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NSW Defamation by Employer / Manager

Discussion in 'Defamation Law Forum' started by Cobra_Mkiii, 7 July 2015.

  1. Cobra_Mkiii

    Cobra_Mkiii Member

    7 July 2015
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    I have recently learned that the my manager has provided a statement on my character to the senior management group including the executive General Manager for our group in our company. The statements he has expressed are not based on a formal process nor have they been discussed with me, however were distributed and minuted as part of their meeting.

    The perceived defamation is simple enough, my manager has stated that I am a high maintenance resource, with far too much ‘red’ and ‘green’ behaviour. Believe the way forward is as a resource focused on local business, and not from a management point of view. The Red and Green behaviour that is referenced is a new system of highlighting characteristics that is supposed to be for the individual to highlight areas of improvement. Red and Green behaviours are the worst behaviours.

    My manager has not consulted me on these perceptions but has chosen to put into a closed forum that consists of the entire management structure above me. I don't believe them to be accurate and I am certain that the labelling of Red and Green has not been determined using the appropriate tools.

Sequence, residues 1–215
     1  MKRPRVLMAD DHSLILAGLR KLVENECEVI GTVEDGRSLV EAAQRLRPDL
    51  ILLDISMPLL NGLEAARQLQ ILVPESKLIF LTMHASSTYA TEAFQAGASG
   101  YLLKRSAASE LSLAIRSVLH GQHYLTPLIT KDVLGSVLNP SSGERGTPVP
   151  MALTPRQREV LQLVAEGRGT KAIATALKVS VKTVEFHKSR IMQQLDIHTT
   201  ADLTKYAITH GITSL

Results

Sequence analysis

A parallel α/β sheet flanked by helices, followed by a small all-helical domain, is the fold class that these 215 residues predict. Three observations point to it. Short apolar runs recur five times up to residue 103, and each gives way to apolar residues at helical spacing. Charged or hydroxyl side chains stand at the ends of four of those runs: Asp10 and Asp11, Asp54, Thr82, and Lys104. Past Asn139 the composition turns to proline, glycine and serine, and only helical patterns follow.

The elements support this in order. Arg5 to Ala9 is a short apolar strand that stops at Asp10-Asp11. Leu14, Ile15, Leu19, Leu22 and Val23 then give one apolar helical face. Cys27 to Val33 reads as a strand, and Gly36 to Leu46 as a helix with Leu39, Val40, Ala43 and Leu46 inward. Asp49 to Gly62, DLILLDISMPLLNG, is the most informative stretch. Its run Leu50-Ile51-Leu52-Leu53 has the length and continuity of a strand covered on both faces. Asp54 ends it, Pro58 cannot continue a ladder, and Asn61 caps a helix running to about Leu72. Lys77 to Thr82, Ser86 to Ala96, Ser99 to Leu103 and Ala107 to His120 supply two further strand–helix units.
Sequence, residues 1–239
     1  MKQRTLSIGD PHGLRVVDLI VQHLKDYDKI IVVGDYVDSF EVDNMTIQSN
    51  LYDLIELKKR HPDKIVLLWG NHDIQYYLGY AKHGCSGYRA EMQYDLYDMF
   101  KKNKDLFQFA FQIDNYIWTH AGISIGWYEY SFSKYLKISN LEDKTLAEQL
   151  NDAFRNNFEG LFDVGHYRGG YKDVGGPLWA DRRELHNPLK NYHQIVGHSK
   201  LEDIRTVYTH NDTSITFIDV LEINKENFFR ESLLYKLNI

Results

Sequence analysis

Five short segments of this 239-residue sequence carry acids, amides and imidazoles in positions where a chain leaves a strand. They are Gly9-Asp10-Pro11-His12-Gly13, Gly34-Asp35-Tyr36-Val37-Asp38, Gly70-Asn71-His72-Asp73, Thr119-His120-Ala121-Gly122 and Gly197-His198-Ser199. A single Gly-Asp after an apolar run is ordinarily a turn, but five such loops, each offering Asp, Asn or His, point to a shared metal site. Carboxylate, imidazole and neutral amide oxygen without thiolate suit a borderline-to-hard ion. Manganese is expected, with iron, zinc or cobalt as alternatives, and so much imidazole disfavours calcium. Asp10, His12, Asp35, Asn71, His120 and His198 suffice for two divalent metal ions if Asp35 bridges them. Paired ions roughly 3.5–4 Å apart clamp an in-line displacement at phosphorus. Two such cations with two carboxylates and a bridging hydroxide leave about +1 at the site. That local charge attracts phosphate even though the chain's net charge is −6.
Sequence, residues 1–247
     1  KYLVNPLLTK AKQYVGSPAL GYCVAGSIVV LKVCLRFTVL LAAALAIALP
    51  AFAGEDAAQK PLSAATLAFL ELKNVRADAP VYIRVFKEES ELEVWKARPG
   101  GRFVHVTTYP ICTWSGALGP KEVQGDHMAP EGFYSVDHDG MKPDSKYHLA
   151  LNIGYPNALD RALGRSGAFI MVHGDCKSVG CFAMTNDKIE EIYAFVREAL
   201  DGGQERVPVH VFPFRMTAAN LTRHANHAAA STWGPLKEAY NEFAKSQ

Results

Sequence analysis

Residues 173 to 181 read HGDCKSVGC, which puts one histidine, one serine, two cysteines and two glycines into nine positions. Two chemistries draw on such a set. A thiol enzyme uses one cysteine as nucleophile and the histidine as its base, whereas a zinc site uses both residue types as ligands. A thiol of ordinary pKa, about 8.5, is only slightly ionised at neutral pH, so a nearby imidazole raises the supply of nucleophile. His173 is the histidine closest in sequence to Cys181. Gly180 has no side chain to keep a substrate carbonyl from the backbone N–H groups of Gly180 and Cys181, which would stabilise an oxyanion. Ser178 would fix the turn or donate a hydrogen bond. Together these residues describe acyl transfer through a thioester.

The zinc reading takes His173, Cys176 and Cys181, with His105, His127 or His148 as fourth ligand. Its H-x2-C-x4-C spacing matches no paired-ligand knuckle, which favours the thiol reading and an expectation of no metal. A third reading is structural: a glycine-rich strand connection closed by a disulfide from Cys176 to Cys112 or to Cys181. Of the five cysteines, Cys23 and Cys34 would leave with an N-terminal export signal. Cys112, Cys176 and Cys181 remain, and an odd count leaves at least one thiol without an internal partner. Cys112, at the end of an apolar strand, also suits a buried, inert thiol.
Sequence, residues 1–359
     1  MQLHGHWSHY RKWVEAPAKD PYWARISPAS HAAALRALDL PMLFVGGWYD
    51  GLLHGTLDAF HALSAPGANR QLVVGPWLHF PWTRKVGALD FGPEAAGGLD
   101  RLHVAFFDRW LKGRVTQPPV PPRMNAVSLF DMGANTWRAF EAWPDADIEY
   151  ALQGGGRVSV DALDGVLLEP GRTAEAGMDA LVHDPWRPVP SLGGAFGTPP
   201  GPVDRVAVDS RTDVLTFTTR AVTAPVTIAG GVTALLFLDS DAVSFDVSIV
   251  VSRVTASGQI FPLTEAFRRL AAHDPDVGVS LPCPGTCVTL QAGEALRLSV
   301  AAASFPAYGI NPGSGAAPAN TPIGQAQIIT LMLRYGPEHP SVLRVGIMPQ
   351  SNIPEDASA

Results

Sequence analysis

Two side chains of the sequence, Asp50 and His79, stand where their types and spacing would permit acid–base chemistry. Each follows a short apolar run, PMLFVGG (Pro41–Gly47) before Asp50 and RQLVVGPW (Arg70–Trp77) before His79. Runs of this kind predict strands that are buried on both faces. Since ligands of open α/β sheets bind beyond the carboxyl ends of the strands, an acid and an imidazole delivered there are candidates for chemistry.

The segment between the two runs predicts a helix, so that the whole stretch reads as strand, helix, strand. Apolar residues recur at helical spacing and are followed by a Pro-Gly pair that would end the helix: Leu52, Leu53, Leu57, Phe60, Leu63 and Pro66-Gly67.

This has already had an effect on my position in the company where my role is in the process of being reduced and my direct reports are being taken from my role.

    Is this a case of defamation? What if it is what's next?
  2. Chris Gander

    Chris Gander Active Member

    9 July 2015
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    Hi Cobra,
    The three most important factors in any potential defamation case are:
    1. the plaintiff must be clearly identifiable in the communication;
    2. the communication must be damaging to the plaintiffs reputation; and
    3. the communication is in some way false or unsubstantiated.
    I.e. the communication must be "damaging". Has your role changed in any way? Has your salary been reduced because of the defamation? Have you lost your job because of the defamation? Have you been demoted? Moved to another department? These things represent damage. If nothing has really happened to you, it'll be hard to prove that your reputation has been damaged.

    Thirdly, if you think defamation has occurred - you immediately need to speak to a lawyer and discuss your options. However, the first option is almost always a 'Cease & Desist' letter.
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  3. Worldly1

    Worldly1 Well-Known Member

    25 April 2014
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